Most sadly, Mr. Bergamo comments that “[w]hen Chaplain Rashad speaks out on campus against” “the violent activities of [her] Muslim brothers and sisters” “she may encounter kinder looks.” Leaving aside the fact that no one has alleged any family ties between any Penn Muslim and the perpetrator of such violence, Bergamo seems to have forgotten that we are all talking about Penn students: 16- through 21-year-old young adults, experiencing, most for the first time in their lives, being on their own and joining a community of which we were all once a part. I assume that, like me, readers of the Gazette enjoyed our years at Penn not due to going to classes, but due to the amazing friendships and relationships created. I spent my four years as an undergrad, and several more as a graduate student and a staff member at Penn, immersed in the community, and I consider each and every one of my classmates, every professor, every member of the staff, and the surrounding community, a fellow Quaker. Everyone on campus deserves a “kind look” simply because they are there. Muslims on campus are Quakers on campus. It’s really that simple.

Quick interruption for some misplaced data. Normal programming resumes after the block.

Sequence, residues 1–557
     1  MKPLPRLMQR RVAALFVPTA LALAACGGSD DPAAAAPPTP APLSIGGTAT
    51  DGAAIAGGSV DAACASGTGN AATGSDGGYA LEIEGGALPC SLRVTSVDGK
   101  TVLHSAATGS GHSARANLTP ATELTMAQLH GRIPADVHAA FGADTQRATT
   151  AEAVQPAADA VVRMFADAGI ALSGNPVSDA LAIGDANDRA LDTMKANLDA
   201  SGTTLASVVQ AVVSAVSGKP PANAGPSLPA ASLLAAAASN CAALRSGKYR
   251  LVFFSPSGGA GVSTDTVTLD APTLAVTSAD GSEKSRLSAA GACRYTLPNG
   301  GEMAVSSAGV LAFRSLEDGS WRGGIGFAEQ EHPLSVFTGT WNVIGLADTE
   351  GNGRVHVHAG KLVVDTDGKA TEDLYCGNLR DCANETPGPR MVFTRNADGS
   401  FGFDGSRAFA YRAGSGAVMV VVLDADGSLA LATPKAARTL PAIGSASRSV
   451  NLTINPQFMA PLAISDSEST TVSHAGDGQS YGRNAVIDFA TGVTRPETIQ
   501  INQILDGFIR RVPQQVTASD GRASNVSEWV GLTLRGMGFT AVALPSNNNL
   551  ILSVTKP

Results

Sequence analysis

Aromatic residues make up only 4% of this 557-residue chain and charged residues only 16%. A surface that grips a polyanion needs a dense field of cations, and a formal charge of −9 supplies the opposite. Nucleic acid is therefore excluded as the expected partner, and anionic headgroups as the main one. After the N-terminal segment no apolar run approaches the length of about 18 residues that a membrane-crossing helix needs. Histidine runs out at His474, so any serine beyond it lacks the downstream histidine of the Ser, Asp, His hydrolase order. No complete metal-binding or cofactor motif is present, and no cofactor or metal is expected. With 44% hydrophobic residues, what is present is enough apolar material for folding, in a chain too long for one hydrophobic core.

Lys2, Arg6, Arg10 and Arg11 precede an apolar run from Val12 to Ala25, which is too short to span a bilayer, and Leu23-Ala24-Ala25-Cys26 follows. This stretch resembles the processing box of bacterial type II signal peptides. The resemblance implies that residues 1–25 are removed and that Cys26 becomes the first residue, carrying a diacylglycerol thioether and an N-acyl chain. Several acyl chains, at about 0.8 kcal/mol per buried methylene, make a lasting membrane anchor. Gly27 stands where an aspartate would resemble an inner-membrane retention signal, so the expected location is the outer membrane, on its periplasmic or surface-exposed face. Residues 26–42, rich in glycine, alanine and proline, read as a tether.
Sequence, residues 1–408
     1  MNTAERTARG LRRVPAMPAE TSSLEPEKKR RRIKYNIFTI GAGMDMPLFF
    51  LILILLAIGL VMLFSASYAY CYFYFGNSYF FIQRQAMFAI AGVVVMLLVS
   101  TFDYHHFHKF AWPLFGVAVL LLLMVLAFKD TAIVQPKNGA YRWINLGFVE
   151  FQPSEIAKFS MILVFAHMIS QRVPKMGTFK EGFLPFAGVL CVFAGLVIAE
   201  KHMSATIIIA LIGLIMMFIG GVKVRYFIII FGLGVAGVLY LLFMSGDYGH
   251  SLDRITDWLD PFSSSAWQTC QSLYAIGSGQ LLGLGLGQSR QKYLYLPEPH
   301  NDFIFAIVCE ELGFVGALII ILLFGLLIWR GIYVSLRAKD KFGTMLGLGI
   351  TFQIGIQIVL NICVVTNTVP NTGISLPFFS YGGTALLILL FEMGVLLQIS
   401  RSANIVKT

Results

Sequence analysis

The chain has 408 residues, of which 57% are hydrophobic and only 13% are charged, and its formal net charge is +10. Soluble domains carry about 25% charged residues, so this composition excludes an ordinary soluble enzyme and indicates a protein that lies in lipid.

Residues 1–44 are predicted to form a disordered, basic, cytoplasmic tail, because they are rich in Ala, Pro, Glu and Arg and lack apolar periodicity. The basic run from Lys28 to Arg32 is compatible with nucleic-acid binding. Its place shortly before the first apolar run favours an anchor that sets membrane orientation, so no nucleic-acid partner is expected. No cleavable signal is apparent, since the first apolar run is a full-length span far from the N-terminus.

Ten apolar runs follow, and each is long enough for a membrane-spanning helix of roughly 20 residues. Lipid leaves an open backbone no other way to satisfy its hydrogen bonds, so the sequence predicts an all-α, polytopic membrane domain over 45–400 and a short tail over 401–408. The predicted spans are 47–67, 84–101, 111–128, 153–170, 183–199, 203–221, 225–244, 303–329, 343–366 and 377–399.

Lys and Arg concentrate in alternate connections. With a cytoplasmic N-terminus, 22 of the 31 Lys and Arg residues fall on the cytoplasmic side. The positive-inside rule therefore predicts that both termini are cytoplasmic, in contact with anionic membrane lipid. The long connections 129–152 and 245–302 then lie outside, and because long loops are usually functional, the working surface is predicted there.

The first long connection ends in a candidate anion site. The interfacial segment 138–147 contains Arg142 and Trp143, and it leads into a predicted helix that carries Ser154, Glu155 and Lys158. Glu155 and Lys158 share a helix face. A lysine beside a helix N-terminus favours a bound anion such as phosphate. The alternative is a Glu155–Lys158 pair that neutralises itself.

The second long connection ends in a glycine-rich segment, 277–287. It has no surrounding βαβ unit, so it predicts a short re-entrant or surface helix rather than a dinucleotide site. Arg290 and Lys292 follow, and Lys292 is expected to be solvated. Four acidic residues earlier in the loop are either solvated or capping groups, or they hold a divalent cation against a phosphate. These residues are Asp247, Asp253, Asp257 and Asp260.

LaToya J. Baldwin Clark W’02 G’08 Philadelphia
Ancient Crimes Can’t Justify Present-Day Ones
As a way to justify the barbarism of present-day Islam, one of your letter-writers in the Jul|Aug issue (S.R. Cohen) reached back in time to demonstrate for comparison the brutal behavior of Jews and Christians of antiquity.
Barack Obama tried the same, pathetic maneuver, reaching back to the ancient behavior of Christians during the Crusades.
In the first place, seeking by any means whatsoever to vindicate the savagery of present-day Muslims is reprehensible.
In the second place, Jews and Christians would agree that the ancient, sadistic behavior of any group, including their own, would be inexcusable today. That’s why they have long since renounced brutality, making it condemnable. The Muslims have not.
In civilized society today, whoever commits violent crime is considered a criminal and is punished. Muslims, on the other hand, are proud of the atrocities they commit. They flaunt them to the world and use them to recruit sick and violent adherents. No Muslim, especially no powerful mullah, is heard to protest, or demand the perpetrators be punished.